Speeches by President Richard W. Fisher
‘Never Let Your Brains Go to Your Head’
(With Reference to the Sages of the Ages, Diana Sorensen, John Paul Jones and 'Babe' Fisher)
Address for the 151st Commencement, Bryant University
Smithfield, R.I. · May 17, 2014
Speech in PDF
Before I begin my formal remarks, I want the candidates for degrees to think about the fact that over 5,000 people are here today to celebrate your success. These are your parents and grandparents, cousins, uncles and aunts; your brothers and sisters; your friends; your teachers and coaches and counselors. They have been by your side through joyful moments and less-joyful ones. They have encouraged you. They have believed in you. And they have occasionally badgered and hectored you and … driven you nuts. All to good effect. They are here with glad and happy hearts to celebrate your admission to the society of educated men and women. You will be applauded by them many times today. But I want you, the graduating class, to turn the table on them and give them a round of applause. So stand up, turn around, put your hands together and give them a cheer. Thank them for loving you.
Now, please be seated.
I also want to salute the outgoing chairman of the Bryant University board of trustees, Michael Edward Fisher, ’67. I want to thank him not only for his six years as chairman and for his total devotion to Bryant, but also for doing his family proud—especially his little brother … me.
Blessed to Be Americans
Mike Fisher and I grew up in what can most charitably be described as “unusual circumstances.” Our father started out his life in conditions right out of Charles Dickens: At the age of 5 years and 2 months, he was arrested for begging for food and sentenced to seven years in Australia’s harshest prison, a God-awful place called Westbrook Reformatory. He was spared the destiny of most inmates there—he was released quickly and lived to see better days—but to say he grew up rough is an understatement. Our mother, born in a small South African outpost where Norwegians, Swedes and Danes carved a life out of the “bush,” lost her father at the age of 4 and was raised by a single mom who cooked for a boarding house. Neither of our parents had a formal education. But both were smart and ambitious for a better life. What did they do? They came to America. It was here that their family flourished.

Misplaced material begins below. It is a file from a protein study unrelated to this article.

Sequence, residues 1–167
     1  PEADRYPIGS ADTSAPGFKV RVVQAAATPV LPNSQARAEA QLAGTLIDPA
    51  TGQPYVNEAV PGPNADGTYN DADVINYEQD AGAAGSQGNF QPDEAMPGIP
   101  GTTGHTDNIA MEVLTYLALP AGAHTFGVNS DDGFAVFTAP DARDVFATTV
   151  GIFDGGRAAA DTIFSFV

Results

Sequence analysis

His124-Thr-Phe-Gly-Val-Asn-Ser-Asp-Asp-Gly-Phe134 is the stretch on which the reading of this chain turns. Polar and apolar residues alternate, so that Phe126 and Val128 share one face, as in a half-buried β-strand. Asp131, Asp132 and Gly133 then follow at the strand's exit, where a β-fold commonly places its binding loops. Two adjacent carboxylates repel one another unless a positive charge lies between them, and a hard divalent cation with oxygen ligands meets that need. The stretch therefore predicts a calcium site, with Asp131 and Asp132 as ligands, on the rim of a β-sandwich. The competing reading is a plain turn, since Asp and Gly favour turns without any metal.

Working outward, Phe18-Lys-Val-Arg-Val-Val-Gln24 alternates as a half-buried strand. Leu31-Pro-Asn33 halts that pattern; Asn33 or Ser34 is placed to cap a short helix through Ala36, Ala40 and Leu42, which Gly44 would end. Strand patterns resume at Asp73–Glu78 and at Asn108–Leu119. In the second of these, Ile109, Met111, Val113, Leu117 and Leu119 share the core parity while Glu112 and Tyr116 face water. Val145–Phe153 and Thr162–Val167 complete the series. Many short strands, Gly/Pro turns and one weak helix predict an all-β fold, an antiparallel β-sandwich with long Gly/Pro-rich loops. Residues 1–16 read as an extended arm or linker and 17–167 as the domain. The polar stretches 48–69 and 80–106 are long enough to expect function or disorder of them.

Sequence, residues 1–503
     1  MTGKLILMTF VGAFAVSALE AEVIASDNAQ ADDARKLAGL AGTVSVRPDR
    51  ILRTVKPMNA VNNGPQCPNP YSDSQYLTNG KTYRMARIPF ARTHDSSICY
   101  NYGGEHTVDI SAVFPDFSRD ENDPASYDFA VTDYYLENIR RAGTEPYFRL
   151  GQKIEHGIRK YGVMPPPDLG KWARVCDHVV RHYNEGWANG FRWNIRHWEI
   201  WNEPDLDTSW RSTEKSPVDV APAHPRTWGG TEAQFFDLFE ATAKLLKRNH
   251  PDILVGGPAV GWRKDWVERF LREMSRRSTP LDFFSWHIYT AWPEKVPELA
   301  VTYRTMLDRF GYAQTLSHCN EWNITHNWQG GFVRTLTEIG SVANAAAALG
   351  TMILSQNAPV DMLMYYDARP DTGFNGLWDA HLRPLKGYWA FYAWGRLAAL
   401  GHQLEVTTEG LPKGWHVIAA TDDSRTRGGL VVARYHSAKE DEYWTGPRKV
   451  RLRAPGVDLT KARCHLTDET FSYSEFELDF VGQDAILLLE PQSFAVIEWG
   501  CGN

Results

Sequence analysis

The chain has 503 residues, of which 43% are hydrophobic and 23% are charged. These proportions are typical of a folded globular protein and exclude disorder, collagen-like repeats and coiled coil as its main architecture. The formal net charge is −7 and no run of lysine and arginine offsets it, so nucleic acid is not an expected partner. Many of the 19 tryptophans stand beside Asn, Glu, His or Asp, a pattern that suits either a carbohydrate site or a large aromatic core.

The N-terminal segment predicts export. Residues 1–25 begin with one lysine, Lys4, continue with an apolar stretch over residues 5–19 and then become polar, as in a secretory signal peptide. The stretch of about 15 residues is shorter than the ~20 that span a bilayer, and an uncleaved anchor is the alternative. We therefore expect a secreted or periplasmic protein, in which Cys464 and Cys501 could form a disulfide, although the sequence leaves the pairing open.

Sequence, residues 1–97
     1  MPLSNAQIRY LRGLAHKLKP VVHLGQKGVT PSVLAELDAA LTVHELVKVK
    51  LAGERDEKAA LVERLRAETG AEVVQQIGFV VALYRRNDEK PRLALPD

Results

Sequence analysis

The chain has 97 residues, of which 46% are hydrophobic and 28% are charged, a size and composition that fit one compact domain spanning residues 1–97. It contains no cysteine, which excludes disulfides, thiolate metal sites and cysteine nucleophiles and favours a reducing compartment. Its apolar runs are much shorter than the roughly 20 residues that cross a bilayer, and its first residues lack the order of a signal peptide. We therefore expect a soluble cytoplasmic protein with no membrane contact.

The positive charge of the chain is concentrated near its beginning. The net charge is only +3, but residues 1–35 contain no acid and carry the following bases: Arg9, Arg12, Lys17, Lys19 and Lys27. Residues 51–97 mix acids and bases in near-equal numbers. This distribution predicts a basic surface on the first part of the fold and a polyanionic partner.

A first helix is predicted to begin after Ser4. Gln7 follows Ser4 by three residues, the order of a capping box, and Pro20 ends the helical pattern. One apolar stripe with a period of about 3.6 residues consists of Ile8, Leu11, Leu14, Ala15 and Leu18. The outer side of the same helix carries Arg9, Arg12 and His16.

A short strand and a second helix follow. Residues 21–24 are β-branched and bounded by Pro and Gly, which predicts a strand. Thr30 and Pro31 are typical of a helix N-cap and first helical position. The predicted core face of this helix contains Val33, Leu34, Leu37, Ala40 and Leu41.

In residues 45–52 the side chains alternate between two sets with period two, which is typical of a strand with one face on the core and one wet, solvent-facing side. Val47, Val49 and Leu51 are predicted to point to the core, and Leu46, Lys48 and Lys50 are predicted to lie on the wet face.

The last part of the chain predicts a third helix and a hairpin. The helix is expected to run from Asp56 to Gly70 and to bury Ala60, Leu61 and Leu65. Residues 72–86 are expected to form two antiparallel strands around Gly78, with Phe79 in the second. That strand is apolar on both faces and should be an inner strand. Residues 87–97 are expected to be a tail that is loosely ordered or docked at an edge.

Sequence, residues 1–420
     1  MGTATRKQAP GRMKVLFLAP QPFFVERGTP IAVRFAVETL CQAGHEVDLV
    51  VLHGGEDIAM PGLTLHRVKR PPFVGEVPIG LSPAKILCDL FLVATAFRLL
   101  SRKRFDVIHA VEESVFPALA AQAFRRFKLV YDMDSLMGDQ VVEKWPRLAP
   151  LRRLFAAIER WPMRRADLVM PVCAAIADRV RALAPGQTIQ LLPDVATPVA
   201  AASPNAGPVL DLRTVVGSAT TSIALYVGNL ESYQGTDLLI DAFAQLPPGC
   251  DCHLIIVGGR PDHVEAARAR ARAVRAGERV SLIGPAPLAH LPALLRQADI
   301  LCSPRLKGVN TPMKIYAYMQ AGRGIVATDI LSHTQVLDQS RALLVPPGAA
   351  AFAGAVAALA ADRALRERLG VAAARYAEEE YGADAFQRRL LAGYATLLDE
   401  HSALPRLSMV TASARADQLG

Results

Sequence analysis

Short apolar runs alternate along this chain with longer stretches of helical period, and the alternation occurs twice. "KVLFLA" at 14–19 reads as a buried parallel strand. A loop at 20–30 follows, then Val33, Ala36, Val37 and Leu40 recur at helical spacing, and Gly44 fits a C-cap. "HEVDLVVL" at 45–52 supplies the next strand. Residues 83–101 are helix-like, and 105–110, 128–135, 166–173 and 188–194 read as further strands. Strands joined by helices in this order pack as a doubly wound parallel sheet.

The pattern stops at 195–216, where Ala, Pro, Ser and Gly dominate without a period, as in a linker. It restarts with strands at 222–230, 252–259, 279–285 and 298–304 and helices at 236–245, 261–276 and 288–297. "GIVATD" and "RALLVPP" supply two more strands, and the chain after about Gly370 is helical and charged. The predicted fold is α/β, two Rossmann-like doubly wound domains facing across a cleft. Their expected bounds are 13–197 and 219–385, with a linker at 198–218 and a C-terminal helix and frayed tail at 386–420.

If you are ever tempted to doubt what hardworking immigrants bring to our shores and the power and moral imperative of a free economy or American-style democracy, think twice. Only in America could two sons of a once-homeless beggar and the daughter of a boarding-house cook become what you see here on this stage today: One the distinguished chairman of the board of trustees of Bryant University, and the other a policymaker for the most important central bank in the world who is somehow deemed worthy of receiving an honorary doctorate and being chosen as speaker for the 151st commencement of this fine university. We are blessed to be Americans.
The Sages of the Ages
Now, the only thing that stands between you and receiving your Bryant degree is … me. I will speak quickly and take up just a few moments of your time before you celebrate your accomplishments.
By now, you have taken enough writing courses to know the tongue-in-cheek definition of a good essay: It is a collection of other people’s thoughts disguised as your own! Most graduation speeches are no different. The standard routine for a commencement speaker is to dig through Bartlett’s or the Oxford Dictionary of Quotations or resort to Google and Wikiquote to find something said by some sage that will grace a graduation ceremony with a lesson students can take with them as they go off into this mysterious and challenging world.
To find something profound that I might pinch for your amusement today, I pored over the sayings of the great minds through time: Plato, Socrates, Mencius, Muhammad, St. Paul and St. Augustine, Voltaire, Martin Luther, Mother Teresa … Miley Cyrus, Justin Bieber.